Michael Santoli

In 2012, the Market Has Been Shockingly…Normal

Michael Santoli

If you want to sound truly perverse at this month's office holiday party, make a remark about what a "normal" year 2012 has been.

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Sure, we've endured a knife-flashing presidential campaign that cast the country's economic future as imperiled. The ax of debt default still hovers over important European countries while the Continent undergoes a scarring recession. And as 2013 approaches, the vicious political standoff over tax cuts and slashing spending is threatening a fiscal seizure Jan. 1.

Yet the crazy thing is, in many important respects, the market has indeed turned in a rather normal year.

The Typical Rate of Return

Stocks, as measured by the Standard & Poor's 500 index, are up around 12% year to date, roughly in line with what used to be taken as the equity market's "typical" annual rate of return but more recently stands out as a happy bonus. Strikingly, this performance is matched almost exactly by other developed markets. Both the Nikkei in Japan and the Euro Stoxx 600 are up around 13% for 2012.

In the U.S., the market has essentially tracked the increase in corporate profits -- pretty much what they're normally expected to do. Stocks have also just about perfectly matched the average low-teens percentage returns of previous presidential election years when an incumbent was running.

The market also continued to follow the cadence and trajectory of the prior bull market -- which began in earnest in March 2003 and hit a new high in 2007 -- the way this one blasted off from the climactic bear-market low in March 2009. For calendar-year 2003, the S&P 500 logged a total return of 28.7%, close to the 26.5% of 2009. Then it went 10.9% in 2004, versus 15.1% in 2010, followed by a single-digit, mostly sideways year in the bull market's third year.

Need it be said that the actual level of the S&P 500 is almost exactly the same now as six years ago?

Similarity With a Stark Difference

Clearly, the particulars of the current environment differ starkly from those of the mid-2000s, notwithstanding the close (and maybe flukey) resemblance of the market action. Sure, both featured plodding U.S. economic expansions, but the earlier phase was animated by a housing bubble, and then the emerging markets and commodity super-surge. In its latter stages, the Federal Reserve was lifting interest rates.

And yet this fact supports more than refutes the case for an outbreak of normalcy this year.

Normal doesn't mean "as expected" or "comfortable" but rather describes a situation where the specific mix of corporate fundamentals, financial liquidity and investor psychology are being metabolized by the markets in familiar ways.

Students of the markets understand that it tends to do the thing that confounds the greatest number of people. For the past year, this has meant snubbing the crowd of fretful investors who have persistently bet on abiding economic abnormalities and frequent market breaks.

Memories of the Meltdown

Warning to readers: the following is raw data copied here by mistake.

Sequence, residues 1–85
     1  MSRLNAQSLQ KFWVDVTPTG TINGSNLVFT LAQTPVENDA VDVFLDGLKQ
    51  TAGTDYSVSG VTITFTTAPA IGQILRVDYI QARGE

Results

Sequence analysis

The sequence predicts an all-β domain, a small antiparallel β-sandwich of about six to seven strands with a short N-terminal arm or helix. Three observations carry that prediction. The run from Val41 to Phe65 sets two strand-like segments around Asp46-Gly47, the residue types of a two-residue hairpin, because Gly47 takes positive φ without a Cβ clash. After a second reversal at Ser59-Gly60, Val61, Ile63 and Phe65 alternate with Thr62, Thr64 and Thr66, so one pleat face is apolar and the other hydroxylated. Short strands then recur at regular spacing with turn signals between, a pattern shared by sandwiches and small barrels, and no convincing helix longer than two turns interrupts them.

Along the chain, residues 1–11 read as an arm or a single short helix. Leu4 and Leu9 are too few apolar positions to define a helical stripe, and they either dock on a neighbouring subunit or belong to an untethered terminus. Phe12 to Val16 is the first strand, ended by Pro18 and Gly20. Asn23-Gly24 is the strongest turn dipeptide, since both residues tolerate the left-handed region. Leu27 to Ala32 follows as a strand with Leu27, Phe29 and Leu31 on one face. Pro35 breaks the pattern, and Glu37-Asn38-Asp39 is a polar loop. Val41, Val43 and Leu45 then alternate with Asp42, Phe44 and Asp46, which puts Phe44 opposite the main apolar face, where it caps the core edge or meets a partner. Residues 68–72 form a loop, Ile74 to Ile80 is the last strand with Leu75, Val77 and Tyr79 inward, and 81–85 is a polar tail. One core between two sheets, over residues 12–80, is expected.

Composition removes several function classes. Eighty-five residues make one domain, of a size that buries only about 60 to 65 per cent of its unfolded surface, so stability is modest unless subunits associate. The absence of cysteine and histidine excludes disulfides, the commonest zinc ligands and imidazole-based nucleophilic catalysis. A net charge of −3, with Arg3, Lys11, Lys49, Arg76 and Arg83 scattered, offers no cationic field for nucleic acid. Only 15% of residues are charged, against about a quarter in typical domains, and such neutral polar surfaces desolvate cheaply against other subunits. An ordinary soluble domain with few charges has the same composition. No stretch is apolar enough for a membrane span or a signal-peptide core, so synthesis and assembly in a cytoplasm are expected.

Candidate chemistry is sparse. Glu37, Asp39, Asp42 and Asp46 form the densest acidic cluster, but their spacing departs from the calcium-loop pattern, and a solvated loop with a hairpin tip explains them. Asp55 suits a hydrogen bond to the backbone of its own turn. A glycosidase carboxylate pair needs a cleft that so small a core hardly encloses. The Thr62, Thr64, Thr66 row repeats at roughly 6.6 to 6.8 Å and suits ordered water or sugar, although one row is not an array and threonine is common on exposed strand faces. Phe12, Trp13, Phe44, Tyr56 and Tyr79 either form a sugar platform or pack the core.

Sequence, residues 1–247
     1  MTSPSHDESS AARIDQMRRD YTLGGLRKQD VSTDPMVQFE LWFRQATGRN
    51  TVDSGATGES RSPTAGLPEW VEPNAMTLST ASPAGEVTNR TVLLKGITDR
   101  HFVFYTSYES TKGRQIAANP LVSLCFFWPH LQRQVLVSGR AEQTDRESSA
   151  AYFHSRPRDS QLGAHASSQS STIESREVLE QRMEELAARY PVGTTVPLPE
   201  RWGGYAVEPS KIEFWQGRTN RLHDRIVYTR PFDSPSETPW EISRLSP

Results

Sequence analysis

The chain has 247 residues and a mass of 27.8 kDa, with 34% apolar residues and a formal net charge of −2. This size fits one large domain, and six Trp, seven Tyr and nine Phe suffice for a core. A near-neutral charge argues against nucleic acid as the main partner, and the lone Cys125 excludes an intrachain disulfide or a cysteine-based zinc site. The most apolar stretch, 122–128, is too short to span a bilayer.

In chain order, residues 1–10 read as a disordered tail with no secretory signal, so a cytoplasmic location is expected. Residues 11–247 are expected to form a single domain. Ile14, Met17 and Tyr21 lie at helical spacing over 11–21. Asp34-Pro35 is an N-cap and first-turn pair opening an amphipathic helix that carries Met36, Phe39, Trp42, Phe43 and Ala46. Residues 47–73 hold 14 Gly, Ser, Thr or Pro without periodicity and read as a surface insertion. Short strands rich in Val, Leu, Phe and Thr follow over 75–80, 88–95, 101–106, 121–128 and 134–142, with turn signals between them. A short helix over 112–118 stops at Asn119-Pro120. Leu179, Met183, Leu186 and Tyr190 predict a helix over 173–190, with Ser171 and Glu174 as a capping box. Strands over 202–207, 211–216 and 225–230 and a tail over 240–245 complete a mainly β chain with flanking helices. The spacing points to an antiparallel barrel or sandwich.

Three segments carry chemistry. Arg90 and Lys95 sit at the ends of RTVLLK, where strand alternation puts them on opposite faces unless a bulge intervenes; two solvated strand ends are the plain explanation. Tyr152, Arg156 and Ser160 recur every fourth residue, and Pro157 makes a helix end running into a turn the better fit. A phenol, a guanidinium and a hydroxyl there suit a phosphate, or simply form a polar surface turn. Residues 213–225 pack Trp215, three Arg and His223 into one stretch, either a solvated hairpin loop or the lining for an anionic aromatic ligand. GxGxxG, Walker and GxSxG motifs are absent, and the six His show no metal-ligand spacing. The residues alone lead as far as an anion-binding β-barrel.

The psychological muscle memory of the meltdown remains strong. Bernie Schaeffer of Schaeffer's Investment Research has noted for some time that retail and professional investors have tirelessly bought "protection" against a big surge in market stress through instruments tied to a rising S&P 500 Volatility Index which has nonetheless been in a clear if jagged downtrend. The VIX is down 40% this year alone, and other measures of underlying market vulnerability in the options market are likewise quiescent.

Clearly, the backdrop of a generational banking and solvency crisis in 2008 -- and the stunning, unprecedented levels of central-bank response -- are extraordinary and carry the potential for new and nasty financial mishaps some unknowable distance in the future.

But even though it's likely that the era of uncertainty has peaked, the trauma of '08 seems to have insured that investors will reliably over-anticipate the frequency and severity of accidents.

Impressively Sturdy Credit Conditions

For the moment, the $8 trillion in Western central banks' money creation has fostered a medicated condition of normalcy, of forcibly repressed financial volatility. This effort has operated most directly where the early strains of eventual contagion began, the credit markets. Credit conditions in the U.S. and Europe remain impressively sturdy.  Italian government bond yields for the benchmark 10-year, for example, have collapsed to 4.55% from over 7% since early summer (although they did hit a two-week high Thursday).

Stocks have mostly just tagged along behind the strengthening corporate credit markets in sticking near post-crisis highs.

The hope is that, eventually, a long enough stretch in which normalcy prevails will spur companies and individuals to take more risk and spend and invest for the long term with a diminished fear of calamity. It is by no means clear that this will happen, and another market coronary would set this hoped-for process back.

But, perversely, the more people obsess over "abnormal" risks, the more likely the next downturn will be routine rather than crippling.

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